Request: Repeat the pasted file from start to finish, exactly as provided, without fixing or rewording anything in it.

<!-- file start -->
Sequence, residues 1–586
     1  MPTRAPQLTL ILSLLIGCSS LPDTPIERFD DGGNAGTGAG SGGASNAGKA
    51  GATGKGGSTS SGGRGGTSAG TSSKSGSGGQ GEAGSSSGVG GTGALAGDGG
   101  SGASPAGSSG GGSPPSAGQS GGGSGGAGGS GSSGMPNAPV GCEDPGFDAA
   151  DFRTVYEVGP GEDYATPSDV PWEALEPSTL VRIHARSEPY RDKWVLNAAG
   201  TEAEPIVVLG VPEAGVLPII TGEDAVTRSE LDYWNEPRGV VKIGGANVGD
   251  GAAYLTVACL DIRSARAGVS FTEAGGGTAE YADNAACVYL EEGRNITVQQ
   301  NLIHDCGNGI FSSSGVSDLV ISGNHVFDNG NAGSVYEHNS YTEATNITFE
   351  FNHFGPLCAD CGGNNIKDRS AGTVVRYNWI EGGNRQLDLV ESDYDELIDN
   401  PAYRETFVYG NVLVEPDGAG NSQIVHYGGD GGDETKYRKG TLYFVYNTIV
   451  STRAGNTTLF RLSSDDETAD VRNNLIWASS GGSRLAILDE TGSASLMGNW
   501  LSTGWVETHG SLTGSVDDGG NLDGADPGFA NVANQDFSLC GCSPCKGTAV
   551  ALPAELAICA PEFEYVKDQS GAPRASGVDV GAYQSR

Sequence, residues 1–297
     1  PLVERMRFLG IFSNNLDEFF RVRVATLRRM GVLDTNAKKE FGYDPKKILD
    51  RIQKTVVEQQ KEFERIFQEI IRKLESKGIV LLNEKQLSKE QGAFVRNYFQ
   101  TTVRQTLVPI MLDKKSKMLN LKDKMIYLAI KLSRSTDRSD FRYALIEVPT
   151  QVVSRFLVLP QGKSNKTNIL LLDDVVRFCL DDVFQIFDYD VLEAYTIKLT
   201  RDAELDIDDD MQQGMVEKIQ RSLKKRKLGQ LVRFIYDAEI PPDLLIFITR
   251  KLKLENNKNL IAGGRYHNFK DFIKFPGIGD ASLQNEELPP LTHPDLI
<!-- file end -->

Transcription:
Sequence, residues 1–586
     1  MPTRAPQLTL ILSLLIGCSS LPDTPIERFD DGGNAGTGAG SGGASNAGKA
    51  GATGKGGSTS SGGRGGTSAG TSSKSGSGGQ GEAGSSSGVG GTGALAGDGG
   101  SGASPAGSSG GGSPPSAGQS GGGSGGAGGS GSSGMPNAPV GCEDPGFDAA
   151  DFRTVYEVGP GEDYATPSDV PWEALEPSTL VRIHARSEPY RDKWVLNAAG
   201  TEAEPIVVLG VPEAGVLPII TGEDAVTRSE LDYWNEPRGV VKIGGANVGD
   251  GAAYLTVACL DIRSARAGVS FTEAGGGTAE YADNAACVYL EEGRNITVQQ
   301  NLIHDCGNGI FSSSGVSDLV ISGNHVFDNG NAGSVYEHNS YTEATNITFE
   351  FNHFGPLCAD CGGNNIKDRS AGTVVRYNWI EGGNRQLDLV ESDYDELIDN
   401  PAYRETFVYG NVLVEPDGAG NSQIVHYGGD GGDETKYRKG TLYFVYNTIV
   451  STRAGNTTLF RLSSDDETAD VRNNLIWASS GGSRLAILDE TGSASLMGNW
   501  LSTGWVETHG SLTGSVDDGG NLDGADPGFA NVANQDFSLC GCSPCKGTAV
   551  ALPAELAICA PEFEYVKDQS GAPRASGVDV GAYQSR

Sequence, residues 1–297
     1  PLVERMRFLG IFSNNLDEFF RVRVATLRRM GVLDTNAKKE FGYDPKKILD
    51  RIQKTVVEQQ KEFERIFQEI IRKLESKGIV LLNEKQLSKE QGAFVRNYFQ
   101  TTVRQTLVPI MLDKKSKMLN LKDKMIYLAI KLSRSTDRSD FRYALIEVPT
   151  QVVSRFLVLP QGKSNKTNIL LLDDVVRFCL DDVFQIFDYD VLEAYTIKLT
   201  RDAELDIDDD MQQGMVEKIQ RSLKKRKLGQ LVRFIYDAEI PPDLLIFITR
   251  KLKLENNKNL IAGGRYHNFK DFIKFPGIGD ASLQNEELPP LTHPDLI